It does seem clear that the Asia-Pacific region has been particularly slow in developing a unified mechanism to battle hacktivism, as compared with their western counterparts. One reason might be that some countries are more concerned about economic growth than cybercrime. ASEAN’s policy of non-interference is also a serious impediment to regional coordination as countries might be reluctant in offering assistance to countries under cyber attack to avoid violating this policy.
Moreover, some governments may not cooperate in helping to identify hacktivists hiding in their country if they acted out of nationalist sentiment. For example, the Honker Union hacktivist group was responsible for a number of website defacements in the Philippines, Vietnam, and Japan between 2008 and 2012 due to ongoing territorial disputes in the South China Sea, but the Chinese government chose to turn a blind eye.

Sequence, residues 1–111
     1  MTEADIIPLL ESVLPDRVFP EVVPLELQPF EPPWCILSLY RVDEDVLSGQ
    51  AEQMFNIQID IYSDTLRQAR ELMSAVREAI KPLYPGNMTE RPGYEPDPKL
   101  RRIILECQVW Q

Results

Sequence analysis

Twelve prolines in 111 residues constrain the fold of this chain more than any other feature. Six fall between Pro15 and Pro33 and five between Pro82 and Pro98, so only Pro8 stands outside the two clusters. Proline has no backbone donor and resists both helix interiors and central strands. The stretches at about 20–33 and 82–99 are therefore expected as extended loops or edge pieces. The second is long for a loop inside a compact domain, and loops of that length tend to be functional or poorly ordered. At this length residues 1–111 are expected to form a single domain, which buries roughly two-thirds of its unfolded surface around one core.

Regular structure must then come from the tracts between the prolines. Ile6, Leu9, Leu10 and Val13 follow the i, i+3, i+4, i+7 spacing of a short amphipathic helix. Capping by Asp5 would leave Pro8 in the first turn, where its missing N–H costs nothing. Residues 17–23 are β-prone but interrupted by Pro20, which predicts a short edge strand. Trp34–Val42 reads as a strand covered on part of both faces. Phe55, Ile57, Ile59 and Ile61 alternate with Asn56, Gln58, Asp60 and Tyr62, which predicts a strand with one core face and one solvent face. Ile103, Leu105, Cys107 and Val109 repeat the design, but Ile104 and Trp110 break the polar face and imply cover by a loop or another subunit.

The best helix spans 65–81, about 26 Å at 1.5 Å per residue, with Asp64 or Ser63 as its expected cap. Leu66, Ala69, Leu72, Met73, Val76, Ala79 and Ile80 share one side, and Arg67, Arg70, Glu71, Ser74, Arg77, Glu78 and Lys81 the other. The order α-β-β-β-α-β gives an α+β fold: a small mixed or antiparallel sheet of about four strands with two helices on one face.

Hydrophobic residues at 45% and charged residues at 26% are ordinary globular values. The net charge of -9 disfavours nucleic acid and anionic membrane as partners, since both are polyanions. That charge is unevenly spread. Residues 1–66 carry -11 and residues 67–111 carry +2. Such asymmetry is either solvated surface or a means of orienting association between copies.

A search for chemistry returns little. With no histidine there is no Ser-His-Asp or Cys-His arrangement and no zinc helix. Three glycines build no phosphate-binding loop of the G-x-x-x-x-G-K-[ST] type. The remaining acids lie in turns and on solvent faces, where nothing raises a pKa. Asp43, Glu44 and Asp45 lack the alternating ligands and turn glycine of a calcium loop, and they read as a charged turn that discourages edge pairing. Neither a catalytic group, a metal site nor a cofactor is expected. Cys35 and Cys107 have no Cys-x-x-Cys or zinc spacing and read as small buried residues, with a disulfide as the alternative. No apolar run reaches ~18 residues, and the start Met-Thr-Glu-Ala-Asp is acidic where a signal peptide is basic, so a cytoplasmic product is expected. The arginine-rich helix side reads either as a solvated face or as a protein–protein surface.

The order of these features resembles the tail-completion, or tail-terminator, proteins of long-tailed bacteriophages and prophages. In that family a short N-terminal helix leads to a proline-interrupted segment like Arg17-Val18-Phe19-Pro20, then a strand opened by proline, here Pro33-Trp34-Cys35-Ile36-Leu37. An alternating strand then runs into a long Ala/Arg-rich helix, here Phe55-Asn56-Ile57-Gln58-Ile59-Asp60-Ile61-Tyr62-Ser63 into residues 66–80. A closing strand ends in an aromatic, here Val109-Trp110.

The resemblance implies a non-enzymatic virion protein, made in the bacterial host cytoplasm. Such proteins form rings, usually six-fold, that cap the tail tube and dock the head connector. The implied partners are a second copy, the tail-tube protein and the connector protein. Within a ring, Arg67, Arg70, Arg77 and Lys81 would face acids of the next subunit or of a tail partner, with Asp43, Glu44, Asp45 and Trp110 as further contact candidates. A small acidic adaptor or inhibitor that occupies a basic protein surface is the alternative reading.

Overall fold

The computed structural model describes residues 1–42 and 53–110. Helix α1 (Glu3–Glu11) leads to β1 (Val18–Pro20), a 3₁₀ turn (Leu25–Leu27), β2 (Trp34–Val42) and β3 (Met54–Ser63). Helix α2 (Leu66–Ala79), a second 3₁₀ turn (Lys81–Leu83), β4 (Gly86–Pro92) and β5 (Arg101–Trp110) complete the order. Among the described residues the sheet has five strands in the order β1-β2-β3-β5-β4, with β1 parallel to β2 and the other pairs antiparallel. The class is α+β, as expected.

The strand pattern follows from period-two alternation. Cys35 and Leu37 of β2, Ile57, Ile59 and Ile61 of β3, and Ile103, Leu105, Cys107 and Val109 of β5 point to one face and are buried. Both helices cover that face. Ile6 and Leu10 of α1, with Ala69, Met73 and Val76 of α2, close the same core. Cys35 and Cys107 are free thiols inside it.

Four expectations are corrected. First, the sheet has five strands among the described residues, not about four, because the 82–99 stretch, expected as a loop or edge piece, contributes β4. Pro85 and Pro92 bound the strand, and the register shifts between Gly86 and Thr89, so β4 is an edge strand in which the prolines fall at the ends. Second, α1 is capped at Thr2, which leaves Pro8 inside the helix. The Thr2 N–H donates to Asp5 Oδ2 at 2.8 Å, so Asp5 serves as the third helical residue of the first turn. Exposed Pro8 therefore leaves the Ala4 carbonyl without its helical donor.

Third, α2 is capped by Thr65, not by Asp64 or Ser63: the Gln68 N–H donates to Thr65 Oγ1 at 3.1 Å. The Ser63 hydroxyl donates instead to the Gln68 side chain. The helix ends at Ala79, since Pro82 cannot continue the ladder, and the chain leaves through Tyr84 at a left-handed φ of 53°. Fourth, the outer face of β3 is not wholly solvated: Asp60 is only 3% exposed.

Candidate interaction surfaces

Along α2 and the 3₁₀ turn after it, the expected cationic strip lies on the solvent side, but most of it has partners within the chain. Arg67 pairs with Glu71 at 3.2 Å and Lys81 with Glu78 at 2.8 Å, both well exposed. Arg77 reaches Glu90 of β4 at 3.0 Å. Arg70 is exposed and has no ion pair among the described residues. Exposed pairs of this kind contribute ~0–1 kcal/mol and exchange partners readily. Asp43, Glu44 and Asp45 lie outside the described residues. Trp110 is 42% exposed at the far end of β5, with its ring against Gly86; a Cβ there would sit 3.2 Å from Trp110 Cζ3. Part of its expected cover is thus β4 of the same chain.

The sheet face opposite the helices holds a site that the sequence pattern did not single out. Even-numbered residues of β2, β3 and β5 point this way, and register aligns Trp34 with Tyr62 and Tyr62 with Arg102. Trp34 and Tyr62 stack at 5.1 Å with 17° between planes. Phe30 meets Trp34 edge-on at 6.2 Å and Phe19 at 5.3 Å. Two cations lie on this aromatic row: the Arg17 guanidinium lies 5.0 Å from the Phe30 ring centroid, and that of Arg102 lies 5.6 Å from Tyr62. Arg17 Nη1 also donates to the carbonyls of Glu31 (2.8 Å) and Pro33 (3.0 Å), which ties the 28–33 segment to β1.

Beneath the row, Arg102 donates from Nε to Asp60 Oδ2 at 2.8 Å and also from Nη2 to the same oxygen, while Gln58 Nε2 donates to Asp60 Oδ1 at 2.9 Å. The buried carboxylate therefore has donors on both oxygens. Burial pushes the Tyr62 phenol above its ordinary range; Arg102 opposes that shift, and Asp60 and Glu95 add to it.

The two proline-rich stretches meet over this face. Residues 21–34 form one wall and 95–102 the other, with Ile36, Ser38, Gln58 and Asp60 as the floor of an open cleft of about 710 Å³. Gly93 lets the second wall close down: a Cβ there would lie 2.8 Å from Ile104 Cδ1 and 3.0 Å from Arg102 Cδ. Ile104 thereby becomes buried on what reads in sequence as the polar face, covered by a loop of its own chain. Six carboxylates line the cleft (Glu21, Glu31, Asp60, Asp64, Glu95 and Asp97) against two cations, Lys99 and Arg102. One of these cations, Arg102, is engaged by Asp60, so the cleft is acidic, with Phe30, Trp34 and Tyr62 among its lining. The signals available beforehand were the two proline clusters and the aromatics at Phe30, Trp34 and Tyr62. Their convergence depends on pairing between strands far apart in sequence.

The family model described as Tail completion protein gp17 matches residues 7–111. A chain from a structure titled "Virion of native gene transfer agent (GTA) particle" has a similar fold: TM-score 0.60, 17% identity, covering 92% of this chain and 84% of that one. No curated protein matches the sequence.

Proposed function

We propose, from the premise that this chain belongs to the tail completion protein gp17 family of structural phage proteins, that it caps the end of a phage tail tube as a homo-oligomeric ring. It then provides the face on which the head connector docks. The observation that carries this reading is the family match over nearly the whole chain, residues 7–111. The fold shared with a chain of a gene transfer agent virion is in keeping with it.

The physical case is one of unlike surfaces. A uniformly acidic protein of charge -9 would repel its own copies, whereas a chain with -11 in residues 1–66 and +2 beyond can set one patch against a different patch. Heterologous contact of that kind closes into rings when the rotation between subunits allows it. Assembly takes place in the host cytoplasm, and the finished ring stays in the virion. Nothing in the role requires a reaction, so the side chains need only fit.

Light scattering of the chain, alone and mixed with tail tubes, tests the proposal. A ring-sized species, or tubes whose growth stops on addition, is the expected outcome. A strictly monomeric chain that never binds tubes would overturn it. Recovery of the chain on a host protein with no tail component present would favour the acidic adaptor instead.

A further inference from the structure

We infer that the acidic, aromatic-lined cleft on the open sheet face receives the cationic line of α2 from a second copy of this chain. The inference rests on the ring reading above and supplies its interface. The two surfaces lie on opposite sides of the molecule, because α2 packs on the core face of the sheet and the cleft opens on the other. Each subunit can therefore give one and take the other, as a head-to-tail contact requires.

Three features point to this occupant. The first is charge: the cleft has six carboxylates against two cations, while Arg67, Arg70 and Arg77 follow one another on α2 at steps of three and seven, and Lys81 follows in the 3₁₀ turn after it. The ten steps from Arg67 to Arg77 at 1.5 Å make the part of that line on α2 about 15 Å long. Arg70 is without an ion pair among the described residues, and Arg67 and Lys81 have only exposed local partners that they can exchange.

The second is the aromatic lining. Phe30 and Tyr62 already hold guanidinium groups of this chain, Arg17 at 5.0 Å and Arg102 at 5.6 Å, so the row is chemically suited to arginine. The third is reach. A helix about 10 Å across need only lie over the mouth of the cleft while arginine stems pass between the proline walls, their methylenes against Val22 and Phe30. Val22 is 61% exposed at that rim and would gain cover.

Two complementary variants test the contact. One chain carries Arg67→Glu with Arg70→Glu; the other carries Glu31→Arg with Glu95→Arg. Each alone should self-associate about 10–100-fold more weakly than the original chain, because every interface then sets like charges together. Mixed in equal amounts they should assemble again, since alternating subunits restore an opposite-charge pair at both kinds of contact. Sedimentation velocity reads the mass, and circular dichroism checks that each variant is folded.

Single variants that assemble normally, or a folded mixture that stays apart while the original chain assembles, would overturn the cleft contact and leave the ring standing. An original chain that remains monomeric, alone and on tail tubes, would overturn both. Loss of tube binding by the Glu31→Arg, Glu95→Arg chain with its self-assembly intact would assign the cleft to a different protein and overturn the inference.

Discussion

Efforts and Initiatives by Government and Private Stakeholders
Government-linked and private organisations are also proactively tackling hacktivism and cybercrimes in their own ways:
- Central banks in South Korea and Indonesia identified and blocked IP addresses belonging to hackers to prevent DDoS attacks,
- Companies are paying attention to the social media accounts of hacktivist groups, monitoring for any threats of attack,
- Some companies have shown interest in hiring White Hat hackers and reformed hacktivists who are knowledgeable on the attack strategies of their fellow peers,
- Security companies are sharing industry best practices and newly discovered vulnerabilities through seminars, as well as analysing hacktivists’ attack capabilities (read a post-outbreak report on the WannaCry ransomware).
Further Action Is Needed
The world is now faced with a brand new kind of hacktivism threat that is economically more damaging and has more wide-ranging national security implications. There is a lack in joint efforts in the Asia-Pacific region to help facilitate investigative efforts and crack down on hacktivists. Some developing countries do not even have a robust cybersecurity regime, which makes the road to multilateral cooperation challenging.
Source: Global Momentum